Die hier archivierte Mail kann, muss sich aber nicht auf den Themenkomplex von Oekonux beziehen.

Insbesondere kann nicht geschlossen werden, dass die hier geäußerten Inhalte etwas mit dem Projekt Oekonux oder irgendeiner TeilnehmerIn zu tun haben.


Message 01491 [Homepage] [Navigation]
Thread: choxT01491 Message: 1/1 L0 [In date index] [In thread index]
[First in Thread] [Last in Thread] [Date Next] [Date Prev]
[Next in Thread] [Prev in Thread] [Next Thread] [Prev Thread]

[chox] International Words. out of ia.org.

------- Weitergeleitete Nachricht / Forwarded message -------

International Words. ? 

In the widest sense, an international word is a word which occurs in more 
than one national language. The German words Haus and Automobil, for 
example, are identical with the English words house and automobile despite 
slight differences in spelling and pronunciation. Their meanings are of course 
essential parts of them. If they were semantically distinct, as are English also 
and German also for example, they could not be viewed as identical words.
There are two types of international words. German and English Haus and 
house represent a type which owes its international range to the common 
descent of two or more languages; words of this type are international by 
cognateship in the restricted sense of the term. On the other hand, the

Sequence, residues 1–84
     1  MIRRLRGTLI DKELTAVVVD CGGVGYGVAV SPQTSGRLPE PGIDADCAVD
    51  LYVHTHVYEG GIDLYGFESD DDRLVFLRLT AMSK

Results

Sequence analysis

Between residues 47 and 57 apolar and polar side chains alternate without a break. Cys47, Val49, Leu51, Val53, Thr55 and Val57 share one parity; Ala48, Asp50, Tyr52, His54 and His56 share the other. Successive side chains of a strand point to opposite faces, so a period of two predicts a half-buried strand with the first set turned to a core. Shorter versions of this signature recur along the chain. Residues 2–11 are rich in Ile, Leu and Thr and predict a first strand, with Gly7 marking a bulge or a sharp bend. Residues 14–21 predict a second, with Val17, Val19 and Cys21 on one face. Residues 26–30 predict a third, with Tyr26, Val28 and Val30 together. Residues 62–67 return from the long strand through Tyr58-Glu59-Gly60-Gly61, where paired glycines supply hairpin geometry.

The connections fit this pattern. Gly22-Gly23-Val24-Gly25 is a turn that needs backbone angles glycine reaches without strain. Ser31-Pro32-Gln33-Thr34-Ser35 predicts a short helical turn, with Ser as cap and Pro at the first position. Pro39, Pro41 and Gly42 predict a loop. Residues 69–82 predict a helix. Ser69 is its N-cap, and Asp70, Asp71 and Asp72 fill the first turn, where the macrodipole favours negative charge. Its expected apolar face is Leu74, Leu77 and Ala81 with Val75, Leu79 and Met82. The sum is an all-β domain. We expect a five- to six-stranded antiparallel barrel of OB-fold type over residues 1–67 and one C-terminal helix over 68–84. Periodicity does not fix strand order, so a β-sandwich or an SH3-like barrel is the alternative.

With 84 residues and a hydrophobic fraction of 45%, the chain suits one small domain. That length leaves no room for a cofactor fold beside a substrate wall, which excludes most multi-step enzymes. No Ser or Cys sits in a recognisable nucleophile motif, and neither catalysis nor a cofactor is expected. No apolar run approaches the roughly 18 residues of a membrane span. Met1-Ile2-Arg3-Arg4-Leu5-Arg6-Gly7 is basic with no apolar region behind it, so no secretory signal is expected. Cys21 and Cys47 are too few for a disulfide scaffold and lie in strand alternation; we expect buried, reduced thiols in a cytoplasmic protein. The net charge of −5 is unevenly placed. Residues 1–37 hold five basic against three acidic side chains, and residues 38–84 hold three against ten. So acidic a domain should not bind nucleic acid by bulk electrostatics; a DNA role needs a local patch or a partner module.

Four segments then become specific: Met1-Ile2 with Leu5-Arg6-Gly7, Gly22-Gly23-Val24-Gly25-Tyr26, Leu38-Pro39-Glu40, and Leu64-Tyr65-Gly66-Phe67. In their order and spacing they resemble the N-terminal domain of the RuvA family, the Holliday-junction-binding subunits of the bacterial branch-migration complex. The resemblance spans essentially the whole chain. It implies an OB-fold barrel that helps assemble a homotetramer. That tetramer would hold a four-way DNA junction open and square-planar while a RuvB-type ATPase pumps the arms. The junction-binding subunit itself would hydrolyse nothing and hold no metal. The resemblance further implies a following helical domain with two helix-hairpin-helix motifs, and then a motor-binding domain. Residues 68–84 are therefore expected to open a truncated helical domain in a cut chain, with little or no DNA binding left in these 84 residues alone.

internationalism of German and English Automobil and automobile is due 
to the transition of words from one language to another; words of this type, 
though sometimes loosely called cognates, should be distinguished as 
international by loan and diffusion.
In its most comprehensive sense, the term "international word" would take in 
a huge number of words which occur in but a very few languages of minor 
significance. International words differ strikingly in their range. From a 
practical point of view only those international words need be considered 
which have a fairly wide range of occurrence throughout the regions of the 
world inhabited by peoples who participate in international intercourse and 
are consequently apt to take an interest in its simplification.
If international words differ as to their range, they may likewise be grouped 
as to their language of origin or "center of radiation." There are important 
and unimportant centers of radiation, and words of wide international range 
spring from either.
The word igloo for instance has a very respectable range. It occurs in 
Eskimo, English, French, Russian, and in many other languages. But Eskimo, 
from which the word stems, is not therefore a significant center of radiation.
Such minor "centers of radiation" can be disregarded without a resulting loss 
of important items in the international vocabulary provided it be ascertained 
that the possible contributions of every disregarded center come into 
consideration elsewhere. Neglecting the Eskimo center of radiation will not 
imply the loss of the international word igloo, if English, Russian, French, or 
any of the other languages which know the word, are kept under